Coming of Age

“Closets are for clothes,” some proudly state. But what does it really mean? Most refer to this catchy phrase when someone comes out as LGBT. However, I contend that it goes far beyond Sexual Orientation or Gender Identity acceptance. In a new approach to redefine what it means to come out, I argue that along with a Coming of Age experience, there is a paralleled, unwarranted and yet unavoidable, need to address all that which was in the closet in addition to a person’s non-heterosexual self-identification.

Like it or not, everyone may have a troubled history that may include a series of unresolved issues. Unfinished business may range from family rejection, bullying, harassment, name-calling, pressure to conform, physical and/or mental abuse, negotiating dating and/or managing relationships, as well as to fully understanding what it means to be LGBT. There is no introductory LGBT 101 manual that helps the person navigate the coming out process. It is a jungle out there. And unfortunately, each LGBT tends to trip and fall over the same rock before being able to kick it over to the side and continue their journey forward. But just because that has been the case for a number of decades, it does not mean it should not change.

In coming out, there is always the danger of opening Pandora’s Box. When leaving that so-called “closet,” also out come all those demons that were long repressed and thought forgotten. And once out, no one knows how they will manifest or in which ways they will come back to haunt. And in the process of desperately needing to put the lid back on, LGBTs engage in all sorts of self-destructive behaviors that further jeopardize their well-being. As it is, there is a huge problem around aging, self-esteem, body image, safer sex, unhealthy relationships, and lack of mentorship.

I often remind people that there is more than just being LGBT. An LGBT identity should not define a person’s sense of self in its entirety. It is a very important part, but again, just a part of the wholeness as a human being. There is also family, school, finance, work, even religion, which combined, ask that LGBTs expand their own definitions of selves. Many short-change their potential at polishing existing skills as well as developing new ones. There is more to life than just the club scene, hooking up, and needless drama. I call it the “Tumble Dry Syndrome” where I have watched LGBTs for as long as I have been in the HIV field just go in circles, just as clothes do as you wait for them to be ready, really going nowhere…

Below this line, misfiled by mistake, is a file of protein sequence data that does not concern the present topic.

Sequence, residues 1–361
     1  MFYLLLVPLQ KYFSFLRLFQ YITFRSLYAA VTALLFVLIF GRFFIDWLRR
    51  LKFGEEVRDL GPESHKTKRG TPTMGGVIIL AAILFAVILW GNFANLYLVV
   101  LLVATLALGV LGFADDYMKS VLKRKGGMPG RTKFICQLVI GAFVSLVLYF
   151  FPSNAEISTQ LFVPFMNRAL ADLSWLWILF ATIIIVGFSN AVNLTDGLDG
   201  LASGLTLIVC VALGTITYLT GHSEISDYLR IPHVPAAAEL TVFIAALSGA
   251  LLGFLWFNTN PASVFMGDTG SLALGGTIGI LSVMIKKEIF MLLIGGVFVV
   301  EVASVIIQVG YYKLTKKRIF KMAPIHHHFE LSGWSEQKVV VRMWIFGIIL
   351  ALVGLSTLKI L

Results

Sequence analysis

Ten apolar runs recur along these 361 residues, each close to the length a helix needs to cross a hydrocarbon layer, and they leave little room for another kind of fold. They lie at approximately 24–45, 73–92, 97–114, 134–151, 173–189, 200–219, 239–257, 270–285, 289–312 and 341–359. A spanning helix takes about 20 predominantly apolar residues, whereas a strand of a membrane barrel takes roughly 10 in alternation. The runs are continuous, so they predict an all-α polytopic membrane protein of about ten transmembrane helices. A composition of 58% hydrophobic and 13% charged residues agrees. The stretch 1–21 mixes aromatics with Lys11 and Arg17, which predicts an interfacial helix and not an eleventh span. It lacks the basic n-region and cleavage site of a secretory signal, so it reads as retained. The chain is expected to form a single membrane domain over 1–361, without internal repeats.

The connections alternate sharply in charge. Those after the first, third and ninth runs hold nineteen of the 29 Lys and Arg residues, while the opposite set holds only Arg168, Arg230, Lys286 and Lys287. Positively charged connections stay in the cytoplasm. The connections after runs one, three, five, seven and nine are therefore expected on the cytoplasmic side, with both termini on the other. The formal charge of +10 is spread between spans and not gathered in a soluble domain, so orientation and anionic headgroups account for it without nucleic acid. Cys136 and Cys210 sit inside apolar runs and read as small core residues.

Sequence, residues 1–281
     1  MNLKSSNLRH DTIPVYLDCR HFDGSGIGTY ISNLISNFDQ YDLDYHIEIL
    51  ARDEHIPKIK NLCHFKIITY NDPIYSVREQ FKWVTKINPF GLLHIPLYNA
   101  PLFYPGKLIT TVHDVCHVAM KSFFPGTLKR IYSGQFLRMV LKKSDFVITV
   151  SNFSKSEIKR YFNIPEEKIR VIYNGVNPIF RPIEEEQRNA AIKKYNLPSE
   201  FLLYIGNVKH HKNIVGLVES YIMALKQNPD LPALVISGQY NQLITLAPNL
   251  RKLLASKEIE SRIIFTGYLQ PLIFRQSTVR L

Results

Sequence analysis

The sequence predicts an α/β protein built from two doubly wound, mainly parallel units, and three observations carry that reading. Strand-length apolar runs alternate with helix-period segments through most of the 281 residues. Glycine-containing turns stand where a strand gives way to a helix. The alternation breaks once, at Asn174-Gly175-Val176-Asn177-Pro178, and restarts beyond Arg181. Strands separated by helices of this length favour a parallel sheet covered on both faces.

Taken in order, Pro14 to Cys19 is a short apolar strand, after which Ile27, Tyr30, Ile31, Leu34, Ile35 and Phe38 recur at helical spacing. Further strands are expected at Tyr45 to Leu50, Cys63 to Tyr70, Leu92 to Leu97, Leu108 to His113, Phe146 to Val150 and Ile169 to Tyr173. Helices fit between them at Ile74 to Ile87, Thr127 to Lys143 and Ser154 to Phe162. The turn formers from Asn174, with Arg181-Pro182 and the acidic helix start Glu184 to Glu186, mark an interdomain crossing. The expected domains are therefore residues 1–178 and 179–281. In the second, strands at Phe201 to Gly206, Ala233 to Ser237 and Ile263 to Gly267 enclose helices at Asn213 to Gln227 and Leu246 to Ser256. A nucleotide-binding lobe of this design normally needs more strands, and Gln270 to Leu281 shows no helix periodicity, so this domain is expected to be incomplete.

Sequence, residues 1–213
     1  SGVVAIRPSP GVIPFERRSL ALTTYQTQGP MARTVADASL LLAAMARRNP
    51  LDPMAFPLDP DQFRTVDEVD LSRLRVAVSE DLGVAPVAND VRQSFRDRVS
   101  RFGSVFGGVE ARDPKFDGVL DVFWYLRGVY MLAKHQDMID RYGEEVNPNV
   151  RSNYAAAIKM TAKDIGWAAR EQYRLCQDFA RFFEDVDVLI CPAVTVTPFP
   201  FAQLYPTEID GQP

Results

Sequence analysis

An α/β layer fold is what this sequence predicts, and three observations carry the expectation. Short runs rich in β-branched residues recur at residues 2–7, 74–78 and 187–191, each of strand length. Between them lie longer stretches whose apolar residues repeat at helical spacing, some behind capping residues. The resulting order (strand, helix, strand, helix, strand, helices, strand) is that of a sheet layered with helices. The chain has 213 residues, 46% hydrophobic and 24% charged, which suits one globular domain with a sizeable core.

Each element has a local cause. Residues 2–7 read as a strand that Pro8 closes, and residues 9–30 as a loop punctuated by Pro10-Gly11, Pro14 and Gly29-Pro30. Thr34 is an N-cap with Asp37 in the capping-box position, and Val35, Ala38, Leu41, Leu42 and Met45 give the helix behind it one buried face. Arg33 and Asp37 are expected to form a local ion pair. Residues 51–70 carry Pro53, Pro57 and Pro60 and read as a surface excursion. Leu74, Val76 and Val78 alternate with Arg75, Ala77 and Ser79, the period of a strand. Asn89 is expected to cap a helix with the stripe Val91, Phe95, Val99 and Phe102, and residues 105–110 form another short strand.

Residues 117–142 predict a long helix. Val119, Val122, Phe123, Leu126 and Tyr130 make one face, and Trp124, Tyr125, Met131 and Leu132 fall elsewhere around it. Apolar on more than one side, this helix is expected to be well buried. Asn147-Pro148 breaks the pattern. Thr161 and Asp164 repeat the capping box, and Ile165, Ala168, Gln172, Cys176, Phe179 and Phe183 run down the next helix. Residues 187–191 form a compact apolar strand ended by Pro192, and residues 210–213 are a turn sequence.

The Legacy philosophy gravitates closely around the need to heal, to overcome life challenges by bringing closure to ugly chapters and recurring obstacles. We accomplish this by meeting the person where he or she is at. It is a mistake to assume that all are ready to tackle what has been repressed for an entire lifetime. Anger, resentment, disappointment, failure… Believe me, all these require a unique approach given the level of maturity, education, self-exploration and realization, life accomplishments, support systems, as well as goals in life.

While is it worth celebrating, be careful when you cheer and push for someone to come out. No one knows what chain reaction of unprecedented events might be the result of what was mistakenly assumed to be joy and happiness. I have seen my share of cases where someone comes out, and then wish they had never opened their mouth.

The LGBT community needs more role models. For that reason, Legacy has established Queerceañera, as one of our core Signature Events to celebrate and praise that Coming of Age once-in-a-lifetime experience. Queerceañera II is coming up in the spring of 2013. Last year we affirmed the highlights of a brave gay Latino youth, who despite losing the only parent he knew, and regardless of the rejection, he stayed put until the last breath. Today, that young man works as a Youth Advocate in the field of HIV Prevention, helping others like himself to find a path to self-discovery and empowerment. He leads an independent life and is currently working on transferring to a four-year college to pursue his passion for Psychology.

If you would like to nominate someone who has overcome challenges to affirm his or her Sexual Orientation or Gender Identity, please feel free to contact us. Legacy believes that the most significant type of change is the type that comes from within the community.

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Legacy is committed to empower and strengthen the lives of LGBT Individuals.

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By Joseph García